Hong Kong stocks rose for the fifth straight day on Friday, recording their best weekly gain in a year, as the previous week’s correction attracted bargain hunting from mainland China investors.
The Hang Seng index rose 0.2 per cent, to 26,389.23, while the China Enterprises Index gained 0.5 per cent, to 10,728.07 points.
For the week, Hang Seng jumped 4.1 per cent, the best showing since mid-July, 2016. The HSCE rose 4.6 per cent.
China stocks ended mixed for the week, with the blue-chip index closing at an 19-month high, while start-ups had their worst week since last July, as investors sought firms with solid fundamentals amid an extended correction in small-caps.
The blue-chip CSI300 index rose 0.4 per cent, to 3703.09 points, while the Shanghai Composite Index added 0.1 per cent to 3222.42 points. For the week, CSI300 gained 1.3 per cent, while SSEC inched up 0.1 per cent.
The tech-heavy start-up board index ChiNext slumped 4.9 per cent to post its worst week since July 2016, as lacklustre first-half earnings forecasts deepened worries over their growth prospects. Many small-caps tumbled, losing as much as 30 per cent or more in the past week.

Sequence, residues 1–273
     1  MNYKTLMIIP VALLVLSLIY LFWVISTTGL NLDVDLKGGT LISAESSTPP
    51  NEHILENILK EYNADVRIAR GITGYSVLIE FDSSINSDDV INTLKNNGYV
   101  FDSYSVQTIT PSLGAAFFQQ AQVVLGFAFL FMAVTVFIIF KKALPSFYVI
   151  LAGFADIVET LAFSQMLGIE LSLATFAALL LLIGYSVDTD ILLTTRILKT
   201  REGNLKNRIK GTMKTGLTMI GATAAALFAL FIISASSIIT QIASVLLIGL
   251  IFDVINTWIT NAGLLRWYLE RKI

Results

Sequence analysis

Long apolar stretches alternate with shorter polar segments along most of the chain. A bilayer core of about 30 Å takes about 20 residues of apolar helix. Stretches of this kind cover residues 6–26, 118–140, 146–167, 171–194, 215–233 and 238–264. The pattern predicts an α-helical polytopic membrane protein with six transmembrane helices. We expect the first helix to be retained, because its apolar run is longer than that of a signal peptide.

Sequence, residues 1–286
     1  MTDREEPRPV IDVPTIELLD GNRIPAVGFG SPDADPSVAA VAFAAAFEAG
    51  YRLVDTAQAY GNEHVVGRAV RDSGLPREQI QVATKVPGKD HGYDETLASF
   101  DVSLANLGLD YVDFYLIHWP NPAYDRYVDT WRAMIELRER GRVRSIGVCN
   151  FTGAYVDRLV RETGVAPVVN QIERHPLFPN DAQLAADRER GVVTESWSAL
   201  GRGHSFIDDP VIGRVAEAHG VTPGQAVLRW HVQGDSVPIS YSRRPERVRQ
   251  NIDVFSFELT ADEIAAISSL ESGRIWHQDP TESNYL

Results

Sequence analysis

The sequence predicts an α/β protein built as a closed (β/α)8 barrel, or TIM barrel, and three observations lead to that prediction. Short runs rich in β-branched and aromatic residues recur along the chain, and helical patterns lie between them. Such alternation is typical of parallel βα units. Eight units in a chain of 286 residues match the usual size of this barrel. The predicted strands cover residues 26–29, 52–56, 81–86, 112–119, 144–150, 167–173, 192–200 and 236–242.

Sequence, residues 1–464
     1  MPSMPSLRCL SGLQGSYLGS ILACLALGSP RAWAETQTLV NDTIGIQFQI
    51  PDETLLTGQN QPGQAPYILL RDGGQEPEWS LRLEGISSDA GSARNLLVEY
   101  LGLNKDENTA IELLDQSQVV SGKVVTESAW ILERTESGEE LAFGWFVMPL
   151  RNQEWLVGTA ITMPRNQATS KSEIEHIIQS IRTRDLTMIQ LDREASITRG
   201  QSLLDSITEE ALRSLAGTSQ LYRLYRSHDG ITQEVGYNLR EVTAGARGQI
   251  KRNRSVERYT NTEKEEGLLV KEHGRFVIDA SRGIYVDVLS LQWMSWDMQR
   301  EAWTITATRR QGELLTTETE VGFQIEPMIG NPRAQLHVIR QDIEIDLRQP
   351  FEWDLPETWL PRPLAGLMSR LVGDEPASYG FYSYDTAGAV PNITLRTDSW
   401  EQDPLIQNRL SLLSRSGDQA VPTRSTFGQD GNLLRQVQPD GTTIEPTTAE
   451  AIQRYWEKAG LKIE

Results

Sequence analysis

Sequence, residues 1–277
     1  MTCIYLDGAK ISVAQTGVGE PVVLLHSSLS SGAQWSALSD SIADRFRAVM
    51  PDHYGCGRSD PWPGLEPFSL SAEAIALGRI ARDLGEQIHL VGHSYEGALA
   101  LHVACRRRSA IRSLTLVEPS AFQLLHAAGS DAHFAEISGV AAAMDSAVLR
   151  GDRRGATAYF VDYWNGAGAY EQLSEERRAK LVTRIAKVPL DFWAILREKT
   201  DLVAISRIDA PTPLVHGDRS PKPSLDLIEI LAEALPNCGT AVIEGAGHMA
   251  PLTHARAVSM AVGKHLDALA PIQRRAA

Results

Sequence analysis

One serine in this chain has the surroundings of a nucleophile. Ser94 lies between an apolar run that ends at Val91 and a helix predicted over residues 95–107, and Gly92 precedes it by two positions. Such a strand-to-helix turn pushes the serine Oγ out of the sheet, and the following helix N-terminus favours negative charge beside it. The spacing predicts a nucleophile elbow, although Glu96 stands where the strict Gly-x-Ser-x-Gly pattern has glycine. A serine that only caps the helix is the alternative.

“We do not see any reason why investors will plough money in growth stocks for now, given expectations of dim results at these firms amid tight liquidity conditions,” said Yan Kaiwen, an analyst with China Fortune Securities.
Japan’s Nikkei share average edged up on Friday as disappointing earnings from Fast Retailing, the world’s third largest apparel retailer, offset gains made after Wall Street pushed higher.
The Nikkei index finished up 0.1 per cent at 20,118.86 and a robust 1 per cent higher for the week, though investors grew cautious ahead of a long holiday weekend.
Weighing on the Nikkei, market giant Fast Retailing, the owner of clothing chain Uniqlo, saw its shares skid 4.6 per cent after it reported a quarterly operating profit of ¥49.9 billion for the three months through May late Thursday. That fell short of a ¥52.85 billion Thomson Reuters Starmine SmartEstimate based on estimates of six analysts.
The broader Topix added 0.4 per cent to 1625.48, for a 1.1 per cent rise for the week.
The Aussie rose 1.3 per cent to US78.32¢ at 4.57pm on Friday in New York (Saturday AEST), reaching as high as US78.34¢ a little earlier in the session. It’s now 8.6 per cent higher against the greenback this year.
The Canadian dollar reached a 14-month high against the greenback over the weekend after the Bank of Canada raised rates by a quarter-point this week and left investors anticipating further hikes. With the latest gains, the currency has breached a series of key areas, known as Fibonacci retracement levels, which for chart-watchers points to a rally below $C1.25, from about $C1.2650 now. It hasn’t been that strong since May 2016.